Your doctor might prescribe medications like corticosteroids to control the symptoms. There are exercises that can be learned to keep your strength and flexibility up as well, and therapies to control the swallowing problems that can result from this disease. Purified blood products can be offered as injections, and these can stop the damage to your muscles and skin for a time. But they need to be administered regularly and they are expensive.
The hallmark symptom of fibromyalgia is significant muscle pain, stiffness, and tenderness all over your body. Headaches, numb hands and feet, and abdominal pain are other agonizing indications a person may have this affliction.
For reasons that aren't well understood, people with fibromyalgia are more sensitive to pain. That goes for the estimated 5 million American adults who suffer from the disorder. About 80% to 90% of them are women. For some of these people, fibromyalgia is so debilitating that they can't get out of bed. For others, the body aches come and go, bringing both good days and bad days.
Fibromyalgia has been famously difficult to understand as a disease. We still don't know what causes the condition. To be diagnosed, however, a standard has been developed. A person must experience widespread pain in all four quadrants of their body.
Those who suffer from polymyositis (PM) experience weakness in their shoulders, neck, and back, as well as their hips and thighs. The weakness may come on gradually over the course of several months, or may degenerate over a few days. Sometimes body aches and tenderness come with it, too. Although PM can cause a lot of discomfort, it is usually not life-threatening.
For unknown reasons, polymyositis causes your body's immune system to attack muscle fibers. It comes on after age 20 typically, and is more common in women. The good news is that over time, many people recover partially or completely from PM.
Along with extreme exhaustion, people with chronic fatigue syndrome often experience deep, persistent joint and muscle pain. Their skin might feel sore when touched, and pressure headaches can also result.
In addition to pain relievers, the Center for Disease Control recommends stretching, gentle massage, heat, hydrotherapy, and relaxation techniques to ease the hurting. Pain management counseling may be in order, too, if the pain is constant.
For years, chronic fatigue was a poorly understood syndrome that frustrated doctors and patients alike. Although the cause of chronic fatigue remains elusive, medical experts are increasingly convinced that this debilitating condition goes beyond mere lethargy, and that its roots are physiological.
If you've experienced stiff joints and aching in your upper arms, neck, thighs, and lower back that is worse in the morning, you may have a bout of polymyalgia rheumatica (PMR). This whole-body pain usually comes on quickly, sometimes even overnight, and it can make it difficult to raise your arms over your shoulders.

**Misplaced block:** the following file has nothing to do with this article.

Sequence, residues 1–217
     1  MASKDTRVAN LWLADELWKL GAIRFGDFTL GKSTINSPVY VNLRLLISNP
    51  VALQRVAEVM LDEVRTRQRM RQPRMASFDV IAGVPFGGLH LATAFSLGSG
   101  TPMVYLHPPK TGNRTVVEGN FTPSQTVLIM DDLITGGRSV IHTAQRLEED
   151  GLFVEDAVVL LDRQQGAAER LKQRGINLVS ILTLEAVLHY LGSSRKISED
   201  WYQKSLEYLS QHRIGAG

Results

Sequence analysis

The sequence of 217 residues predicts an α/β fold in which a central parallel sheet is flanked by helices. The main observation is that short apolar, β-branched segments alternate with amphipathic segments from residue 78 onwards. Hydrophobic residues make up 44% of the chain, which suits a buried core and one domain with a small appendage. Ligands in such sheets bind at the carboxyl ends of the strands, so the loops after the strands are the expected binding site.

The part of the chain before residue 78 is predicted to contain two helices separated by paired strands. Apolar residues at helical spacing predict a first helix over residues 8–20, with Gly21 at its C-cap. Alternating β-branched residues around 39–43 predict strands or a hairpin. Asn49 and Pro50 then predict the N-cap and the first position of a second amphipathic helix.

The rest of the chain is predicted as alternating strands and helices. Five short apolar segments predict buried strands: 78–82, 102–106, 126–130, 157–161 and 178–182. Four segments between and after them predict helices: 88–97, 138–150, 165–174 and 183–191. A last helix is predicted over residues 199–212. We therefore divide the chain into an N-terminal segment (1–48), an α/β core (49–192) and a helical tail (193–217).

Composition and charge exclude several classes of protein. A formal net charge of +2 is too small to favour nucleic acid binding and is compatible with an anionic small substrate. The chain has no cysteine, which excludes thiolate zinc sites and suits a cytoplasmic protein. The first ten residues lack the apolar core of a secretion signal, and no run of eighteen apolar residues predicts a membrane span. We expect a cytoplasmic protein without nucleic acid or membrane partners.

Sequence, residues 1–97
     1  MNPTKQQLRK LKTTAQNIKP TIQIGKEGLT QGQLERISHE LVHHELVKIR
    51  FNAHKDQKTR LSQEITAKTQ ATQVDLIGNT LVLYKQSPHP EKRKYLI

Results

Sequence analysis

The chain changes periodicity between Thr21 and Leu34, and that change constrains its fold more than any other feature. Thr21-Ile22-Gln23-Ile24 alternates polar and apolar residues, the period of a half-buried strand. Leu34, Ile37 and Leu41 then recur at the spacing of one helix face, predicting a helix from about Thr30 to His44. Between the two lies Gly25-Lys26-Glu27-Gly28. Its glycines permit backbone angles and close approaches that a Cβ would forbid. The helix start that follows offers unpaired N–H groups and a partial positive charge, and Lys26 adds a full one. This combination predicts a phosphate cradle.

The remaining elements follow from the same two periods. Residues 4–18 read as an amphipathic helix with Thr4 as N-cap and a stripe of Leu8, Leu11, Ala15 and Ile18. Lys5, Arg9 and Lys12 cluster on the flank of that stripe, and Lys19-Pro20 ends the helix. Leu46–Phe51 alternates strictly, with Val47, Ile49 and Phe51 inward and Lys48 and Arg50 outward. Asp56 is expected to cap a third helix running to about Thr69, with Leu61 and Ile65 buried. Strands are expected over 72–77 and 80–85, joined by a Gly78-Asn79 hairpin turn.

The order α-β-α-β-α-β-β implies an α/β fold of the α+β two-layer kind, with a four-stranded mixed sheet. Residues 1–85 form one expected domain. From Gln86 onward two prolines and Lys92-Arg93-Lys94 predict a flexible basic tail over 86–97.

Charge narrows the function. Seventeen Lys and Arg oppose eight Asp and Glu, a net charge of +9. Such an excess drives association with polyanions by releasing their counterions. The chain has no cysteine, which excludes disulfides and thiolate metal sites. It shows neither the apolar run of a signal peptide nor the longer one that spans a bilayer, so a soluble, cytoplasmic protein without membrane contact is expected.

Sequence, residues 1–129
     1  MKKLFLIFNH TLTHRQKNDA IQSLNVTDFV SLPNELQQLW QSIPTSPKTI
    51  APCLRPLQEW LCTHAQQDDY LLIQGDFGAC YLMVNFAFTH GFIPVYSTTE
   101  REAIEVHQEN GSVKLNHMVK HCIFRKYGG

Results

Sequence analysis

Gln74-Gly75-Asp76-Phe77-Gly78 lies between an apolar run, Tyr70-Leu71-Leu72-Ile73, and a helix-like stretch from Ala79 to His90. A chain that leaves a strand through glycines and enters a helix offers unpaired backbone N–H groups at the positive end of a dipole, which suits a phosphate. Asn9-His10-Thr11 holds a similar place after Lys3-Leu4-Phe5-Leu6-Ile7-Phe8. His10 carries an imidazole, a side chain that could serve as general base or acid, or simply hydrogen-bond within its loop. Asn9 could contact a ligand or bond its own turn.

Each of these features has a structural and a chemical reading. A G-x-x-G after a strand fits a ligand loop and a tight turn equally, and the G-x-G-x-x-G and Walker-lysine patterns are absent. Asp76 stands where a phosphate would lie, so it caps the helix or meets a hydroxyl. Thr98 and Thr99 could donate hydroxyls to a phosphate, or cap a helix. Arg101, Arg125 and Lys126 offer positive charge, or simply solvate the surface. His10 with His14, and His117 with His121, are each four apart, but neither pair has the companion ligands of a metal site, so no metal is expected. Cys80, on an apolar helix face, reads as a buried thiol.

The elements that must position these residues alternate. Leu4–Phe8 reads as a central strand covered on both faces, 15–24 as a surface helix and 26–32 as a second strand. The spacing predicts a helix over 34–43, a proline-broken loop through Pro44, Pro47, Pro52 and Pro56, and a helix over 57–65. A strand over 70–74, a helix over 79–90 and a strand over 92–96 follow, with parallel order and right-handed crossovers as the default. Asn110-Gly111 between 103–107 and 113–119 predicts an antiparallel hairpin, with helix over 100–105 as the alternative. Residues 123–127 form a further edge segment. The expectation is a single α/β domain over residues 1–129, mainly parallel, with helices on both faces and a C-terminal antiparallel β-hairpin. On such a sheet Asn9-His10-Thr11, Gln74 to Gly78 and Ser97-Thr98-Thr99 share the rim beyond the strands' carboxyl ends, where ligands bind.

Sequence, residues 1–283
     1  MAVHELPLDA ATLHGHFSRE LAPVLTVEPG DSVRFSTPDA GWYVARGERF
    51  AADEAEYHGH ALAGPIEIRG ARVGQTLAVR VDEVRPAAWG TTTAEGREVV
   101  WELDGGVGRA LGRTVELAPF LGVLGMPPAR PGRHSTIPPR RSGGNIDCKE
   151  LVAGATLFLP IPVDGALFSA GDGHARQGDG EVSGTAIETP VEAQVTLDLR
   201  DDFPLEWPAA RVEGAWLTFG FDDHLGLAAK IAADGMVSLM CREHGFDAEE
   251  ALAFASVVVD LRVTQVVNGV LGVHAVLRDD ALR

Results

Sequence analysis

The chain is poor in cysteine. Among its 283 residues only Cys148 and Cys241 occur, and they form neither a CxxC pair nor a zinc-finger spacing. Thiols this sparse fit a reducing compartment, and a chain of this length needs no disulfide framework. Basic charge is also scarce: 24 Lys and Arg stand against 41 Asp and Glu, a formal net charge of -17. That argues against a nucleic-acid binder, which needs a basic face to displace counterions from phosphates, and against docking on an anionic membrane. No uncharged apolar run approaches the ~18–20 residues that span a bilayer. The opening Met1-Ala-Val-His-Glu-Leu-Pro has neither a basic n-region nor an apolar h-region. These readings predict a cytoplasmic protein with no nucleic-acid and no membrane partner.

PMR's cause is not yet understood. What we do know is that it seems to originate in the joints, and unlike fibromyalgia, PMR causes inflammation. It is most common among Caucasians over age 50, with the average age of a PMR patient being age 70, and is more common in women than in men.
Unfortunately, the usual anti-inflammatory pain medicines such as aspirin and ibuprofen do not offer much help in the case of PMR. Instead, doctors are more likely to prescribe corticosteroids. If PMR is the problem, these drugs can respond quickly and dramatically, sometimes easing a patient's pain after a single dose. This isn't always the case, however, and treatment may take longer in some instances.
If you experience muscle pain within two weeks of being bitten by a tick, you may have contracted Rocky Mountain spotted fever (RMSF) caused by Rickettsia rickettsii that are transmitted during the tick bite. Since tick bites can be painless, you may not realize you've been bitten, but the presence of a fever and a rash on your wrists and ankles may confirm the disease.
RMSF is serious. People can die a little over a week after symptoms begin. Fortunately, it is also treatable with antibiotics. However, if a case of RMSF is severe, long-term health problems can result, including blood vessel damage (vasculitis) and clotting and bleeding in the brain and other organs. Treatment is most effective if it begins within the first five days that signs of RMSF first show themselves.
If you notice joint pain within a month of a tick bite, that could be Lyme disease. When Lyme disease was discovered in Lyme, Connecticut in 1975, researches believed they were dealing with juvenile arthritis at first. The symptoms can resemble arthritis, with swelling joints in the later stages and commonly joint pain throughout.
So how can you tell if you're dealing with Lyme disease or arthritis? One absolute sign of Lyme is a large rash around the bite itself, which can either be solid red or a bull's-eye pattern. This is a major warning that you need fast treatment, and it occurs in about nine out of every 10 cases. Other common complaints include swollen lymph glands, headaches, and a generally achy feeling. Lyme disease is caused when the bacteria, Borrelia burgdoferi, are transmitted by the tick bite.
A common medication used to treat high cholesterol has been linked with muscle and joint aches in 20% to 30% of those who take it. Statins are widely used to help prevent arterial plaque that can lead to heart disease and other cardiovascular dangers, and are prescribed to about one in four Americans over age 45.